'That's one of our favorites that we really like,' said Ann Webb, looking through family photos and zeroing in on one of her brother and his wife holding each other close.

'That was 1964?' she said under her breath.

Pictures take her back to a moment in time. But a letter takes her further.

''My darling sweet Glenda, I love you, baby,'' she read, then paused. 'That's as far as I can go. I can't go any further. I can't go any further.'

It's just too hard to read something written almost 50 years ago.

On Sunday, October 16, 1966, a young Bob Whitehead wrote the letter to his even younger bride, Glenda.

He was in Vietnam. She was in Texas.

'A lot of love. He missed her a lot,' Webb said. 'He missed her a lot.'

Webb never knew her brother could be so eloquent. She never even knew the letter existed until one year ago.

It was May 15, 2013, and an EF-4 tornado tore through Granbury, where Bob and Glenda had built a home. They grew up as children together, spent 48 years of marriage together... and they died together.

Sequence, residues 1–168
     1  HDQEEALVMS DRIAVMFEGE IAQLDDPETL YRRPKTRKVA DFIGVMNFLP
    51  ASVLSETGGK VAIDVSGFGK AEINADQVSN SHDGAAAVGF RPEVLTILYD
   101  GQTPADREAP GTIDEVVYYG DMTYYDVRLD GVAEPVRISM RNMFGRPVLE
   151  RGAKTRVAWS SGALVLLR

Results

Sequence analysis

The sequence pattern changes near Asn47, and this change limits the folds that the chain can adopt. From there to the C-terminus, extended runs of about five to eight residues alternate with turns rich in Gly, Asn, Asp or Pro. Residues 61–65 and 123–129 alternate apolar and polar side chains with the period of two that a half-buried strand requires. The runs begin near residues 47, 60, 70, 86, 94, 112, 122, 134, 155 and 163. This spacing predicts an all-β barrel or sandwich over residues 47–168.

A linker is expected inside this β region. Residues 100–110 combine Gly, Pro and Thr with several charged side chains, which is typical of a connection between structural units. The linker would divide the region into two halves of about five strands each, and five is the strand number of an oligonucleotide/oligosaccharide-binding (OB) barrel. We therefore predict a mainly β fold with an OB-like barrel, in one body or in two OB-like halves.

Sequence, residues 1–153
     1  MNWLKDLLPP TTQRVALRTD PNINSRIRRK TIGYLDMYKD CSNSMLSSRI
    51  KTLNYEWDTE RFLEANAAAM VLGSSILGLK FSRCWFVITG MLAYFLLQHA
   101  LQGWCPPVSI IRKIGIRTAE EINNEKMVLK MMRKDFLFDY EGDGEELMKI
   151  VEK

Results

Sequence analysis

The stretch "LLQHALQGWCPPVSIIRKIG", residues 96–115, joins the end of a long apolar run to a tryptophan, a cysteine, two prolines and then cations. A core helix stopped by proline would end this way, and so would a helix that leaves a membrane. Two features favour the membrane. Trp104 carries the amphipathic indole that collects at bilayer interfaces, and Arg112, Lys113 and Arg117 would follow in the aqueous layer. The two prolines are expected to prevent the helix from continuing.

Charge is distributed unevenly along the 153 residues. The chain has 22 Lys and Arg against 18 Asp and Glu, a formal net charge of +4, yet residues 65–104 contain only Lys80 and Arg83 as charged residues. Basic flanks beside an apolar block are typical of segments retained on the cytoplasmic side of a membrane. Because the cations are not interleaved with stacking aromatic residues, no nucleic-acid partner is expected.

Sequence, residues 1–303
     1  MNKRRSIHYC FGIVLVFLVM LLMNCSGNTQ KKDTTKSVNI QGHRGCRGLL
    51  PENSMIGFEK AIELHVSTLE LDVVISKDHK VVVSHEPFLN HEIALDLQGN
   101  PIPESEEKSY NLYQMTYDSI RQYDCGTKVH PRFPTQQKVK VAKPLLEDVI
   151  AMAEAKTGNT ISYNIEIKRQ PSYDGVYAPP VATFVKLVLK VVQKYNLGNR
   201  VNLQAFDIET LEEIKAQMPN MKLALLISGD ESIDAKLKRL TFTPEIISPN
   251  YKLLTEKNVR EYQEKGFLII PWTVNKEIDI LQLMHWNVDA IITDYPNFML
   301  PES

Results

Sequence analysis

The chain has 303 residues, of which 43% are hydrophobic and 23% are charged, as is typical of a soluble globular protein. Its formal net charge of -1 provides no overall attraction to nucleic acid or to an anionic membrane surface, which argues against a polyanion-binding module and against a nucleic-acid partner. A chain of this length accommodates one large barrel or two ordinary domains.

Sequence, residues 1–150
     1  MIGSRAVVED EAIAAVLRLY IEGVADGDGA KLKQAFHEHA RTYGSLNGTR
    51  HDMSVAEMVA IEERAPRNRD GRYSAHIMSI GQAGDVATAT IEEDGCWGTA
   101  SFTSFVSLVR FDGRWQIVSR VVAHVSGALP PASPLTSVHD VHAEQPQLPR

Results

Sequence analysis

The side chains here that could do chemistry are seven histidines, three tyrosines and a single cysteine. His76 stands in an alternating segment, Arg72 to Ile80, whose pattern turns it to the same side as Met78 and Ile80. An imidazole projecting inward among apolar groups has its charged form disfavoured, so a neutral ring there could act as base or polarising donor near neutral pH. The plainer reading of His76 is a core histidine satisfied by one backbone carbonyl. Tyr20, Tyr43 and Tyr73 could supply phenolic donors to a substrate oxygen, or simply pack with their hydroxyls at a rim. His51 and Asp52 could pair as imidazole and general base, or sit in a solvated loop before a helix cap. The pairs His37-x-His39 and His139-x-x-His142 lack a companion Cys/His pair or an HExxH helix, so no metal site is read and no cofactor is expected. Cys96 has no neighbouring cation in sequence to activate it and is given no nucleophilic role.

'That's who they were. That's exactly who they were. They were always together,' Webb said. 'It feels like yesterday. It's still really fresh.'

A few photos survived, and were found scattered across the city. They were turned in to the public library in Granbury, where Webb and her daughter Denise have spent countless hours.

But a stranger found the treasured love letter on her front porch blocks from the Whiteheads' home. She took it to the local newspaper, and that's how it made its way to Webb.

She buried the original with her brother, and made a copy for Denise. Denise framed it and hung it in her living room.

'It taught me to believe in love,' said Denise, as tears began to fall. 'It made me learn love is very important.'

Three weeks after the funerals, another letter appeared in another stranger's hands.

This is one Ann Webb can read. 'It says, 'Darling, it's late and I'm tired. How I wish I was with you. Love forever, Bob.''

'Isn't that cool?' she asked with a smile.

Webb said her brother couldn't have lived without Glenda, and Glenda couldn't have lived without him. The letters feel like a message that their love lives on forever.


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